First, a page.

Meeting a Monster -A True Story
When I was younger, a group of newly acquired friends and I tried to think of something
eerie to do on Halloween night. Little did we know, that we would see something truly terrifying that would change our lives forever.
Like many teenagers, we decided that visiting a cemetery was just about the perfect way
to give ourselves a good scare. I had just moved to town, and my new friends insisted that there was a glowing tombstone in an old, run down graveyard off a gravel road about thirty miles outside of town. So, we piled in a small, two-door car and drove, excited about the prospects of having some good ghost stories to tell on the way.
The road we were driving on was a narrow, two-lane service road with lots of potholes, hills, and curves. The locals had spread rumors that “devil-worshipers” often held ceremonies along that road, and one of the girls, who was sitting in the back seat, seemed to be enjoying herself as she recounted the spooky stories. She spoke of how the Satanists skinned animals alive, and how there were strange sightings in the area. Her last story was about the glowing gravestone; she claimed it was cursed.
We drove farther and farther from town, well over thirty miles, and I fidgeted in my seat. I was beginning to have second thoughts about going so far out into the night, especially since I hadn’t let my mother know where I was going. Back then, we didn’t have mobile phones. If something unexpected or dreadful happened, there would’ve been no one around to help, and my mother wouldn’t have even known where to look.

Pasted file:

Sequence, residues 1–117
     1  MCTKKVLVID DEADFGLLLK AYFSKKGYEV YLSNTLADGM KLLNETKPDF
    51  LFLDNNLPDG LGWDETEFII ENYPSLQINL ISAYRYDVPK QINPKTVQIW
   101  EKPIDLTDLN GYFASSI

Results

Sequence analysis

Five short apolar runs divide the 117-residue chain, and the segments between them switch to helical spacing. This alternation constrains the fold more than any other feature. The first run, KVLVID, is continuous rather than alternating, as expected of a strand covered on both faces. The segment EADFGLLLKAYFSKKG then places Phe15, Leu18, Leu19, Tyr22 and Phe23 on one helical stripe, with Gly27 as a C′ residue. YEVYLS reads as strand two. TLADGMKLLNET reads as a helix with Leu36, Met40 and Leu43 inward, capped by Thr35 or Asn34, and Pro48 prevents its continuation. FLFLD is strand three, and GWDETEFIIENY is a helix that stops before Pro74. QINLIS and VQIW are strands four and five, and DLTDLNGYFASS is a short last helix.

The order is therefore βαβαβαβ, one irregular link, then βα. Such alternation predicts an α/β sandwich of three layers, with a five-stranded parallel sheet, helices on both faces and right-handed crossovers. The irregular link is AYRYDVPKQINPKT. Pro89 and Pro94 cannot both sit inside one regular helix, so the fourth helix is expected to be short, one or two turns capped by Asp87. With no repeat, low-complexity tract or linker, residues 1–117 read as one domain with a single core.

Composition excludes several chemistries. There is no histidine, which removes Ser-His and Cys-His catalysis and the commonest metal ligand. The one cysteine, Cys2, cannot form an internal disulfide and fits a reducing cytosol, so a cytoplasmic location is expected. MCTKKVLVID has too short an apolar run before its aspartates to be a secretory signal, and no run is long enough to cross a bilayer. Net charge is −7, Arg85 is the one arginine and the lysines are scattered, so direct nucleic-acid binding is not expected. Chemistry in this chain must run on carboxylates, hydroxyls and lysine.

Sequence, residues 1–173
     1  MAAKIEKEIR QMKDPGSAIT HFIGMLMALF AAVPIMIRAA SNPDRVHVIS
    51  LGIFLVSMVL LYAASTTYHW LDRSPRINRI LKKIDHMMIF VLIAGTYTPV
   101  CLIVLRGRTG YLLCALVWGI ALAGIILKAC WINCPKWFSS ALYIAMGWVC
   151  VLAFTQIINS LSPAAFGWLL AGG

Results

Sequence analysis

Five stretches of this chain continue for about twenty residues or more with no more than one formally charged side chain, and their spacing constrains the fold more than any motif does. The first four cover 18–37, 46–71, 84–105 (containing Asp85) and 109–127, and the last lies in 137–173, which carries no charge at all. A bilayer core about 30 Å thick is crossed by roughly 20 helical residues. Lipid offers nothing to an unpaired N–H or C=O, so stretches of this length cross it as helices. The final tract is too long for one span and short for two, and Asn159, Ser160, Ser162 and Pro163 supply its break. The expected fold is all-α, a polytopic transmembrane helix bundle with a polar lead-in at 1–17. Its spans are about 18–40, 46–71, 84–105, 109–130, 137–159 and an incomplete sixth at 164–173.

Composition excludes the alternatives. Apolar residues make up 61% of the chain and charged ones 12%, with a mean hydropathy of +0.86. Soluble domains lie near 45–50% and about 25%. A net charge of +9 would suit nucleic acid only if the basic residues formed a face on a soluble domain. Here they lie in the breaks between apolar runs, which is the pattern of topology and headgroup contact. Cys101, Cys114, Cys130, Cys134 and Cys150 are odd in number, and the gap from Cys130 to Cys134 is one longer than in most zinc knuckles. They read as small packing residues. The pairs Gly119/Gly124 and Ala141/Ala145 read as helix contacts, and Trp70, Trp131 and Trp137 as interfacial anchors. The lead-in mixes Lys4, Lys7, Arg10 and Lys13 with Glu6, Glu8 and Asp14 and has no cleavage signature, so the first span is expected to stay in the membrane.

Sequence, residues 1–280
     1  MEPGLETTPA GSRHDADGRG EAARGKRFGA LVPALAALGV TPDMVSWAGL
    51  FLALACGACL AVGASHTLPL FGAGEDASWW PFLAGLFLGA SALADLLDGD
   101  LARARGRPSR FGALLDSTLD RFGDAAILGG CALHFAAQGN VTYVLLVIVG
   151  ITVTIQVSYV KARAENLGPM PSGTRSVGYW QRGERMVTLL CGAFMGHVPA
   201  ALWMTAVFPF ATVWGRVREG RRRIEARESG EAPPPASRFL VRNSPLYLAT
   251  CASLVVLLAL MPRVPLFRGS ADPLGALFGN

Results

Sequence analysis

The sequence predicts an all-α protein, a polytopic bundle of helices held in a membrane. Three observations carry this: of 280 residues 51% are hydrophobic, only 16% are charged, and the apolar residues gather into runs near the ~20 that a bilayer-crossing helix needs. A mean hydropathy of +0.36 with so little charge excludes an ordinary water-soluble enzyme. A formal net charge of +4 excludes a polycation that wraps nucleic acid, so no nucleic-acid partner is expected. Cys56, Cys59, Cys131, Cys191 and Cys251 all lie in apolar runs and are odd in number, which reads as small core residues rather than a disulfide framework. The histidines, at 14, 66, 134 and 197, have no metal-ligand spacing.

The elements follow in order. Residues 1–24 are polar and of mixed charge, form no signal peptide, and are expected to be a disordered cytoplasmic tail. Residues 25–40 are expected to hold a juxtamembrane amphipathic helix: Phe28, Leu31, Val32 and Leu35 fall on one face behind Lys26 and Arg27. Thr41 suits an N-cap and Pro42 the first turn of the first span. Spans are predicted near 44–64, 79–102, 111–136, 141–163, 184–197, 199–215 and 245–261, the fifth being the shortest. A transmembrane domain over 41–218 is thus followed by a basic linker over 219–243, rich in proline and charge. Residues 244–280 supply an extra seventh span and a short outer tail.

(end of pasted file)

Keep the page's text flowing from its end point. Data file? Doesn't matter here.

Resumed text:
I shook my head, trying to shake off my growing apprehension as silence suddenly fell over the car like a soft, suffocating blanket. I cleared my throat to speak up but thought better of it. I didn’t want to be the one who chickened out and insist on turning back.
The car’s headlights pierced the darkness of the night and bugs thumped into the windshield as we continued to drive along. That’s when it happened. The car came to
a screeching halt.
There, in the middle of the road, sat a coyote. The driver of the car, a sixteen-year-old
girl with short curly hair named Angie (her name has been changed to protect her identity), honked at the coyote. To our amazement, it didn’t move. Instead, it lazily looked in our direction as if it had nothing better to do than sit in the middle of the road, blocking our way.
She honked again.
The coyote blinked. The lights of the car reflected on its retina, causing its eyes to
glow a dull shade of red.
When it did not budge this time, Angie yelled and honked again, but this time she held her hand down so that the horn blared into the night air.
It was then that the coyote stood on its two hind legs and turned toward us, a tall looming
monster with sharp teeth and penetrating eyes.
Angie’s hand slid from the steering wheel as we all sat in amazement at this towering beast. It seemed to be looking us over, mulling over what it would do next. Was he contemplating eating us?
I couldn’t find my voice. All I could do was sit there, slack-jawed and bewildered.
Just when I thought we were going to have to flee for our lives, the creature turned and
ran away, its movements akin to that of a running human.
Everyone in the car finally found their voices to scream! Angie whipped a U-turn, and we
hightailed it back to town.
Even today, over twenty years later, the vision of that creature is still clearly etched upon my memory. That was the day that I began questioning how magical and mysterious
our world truly is. -Laura C. Cantu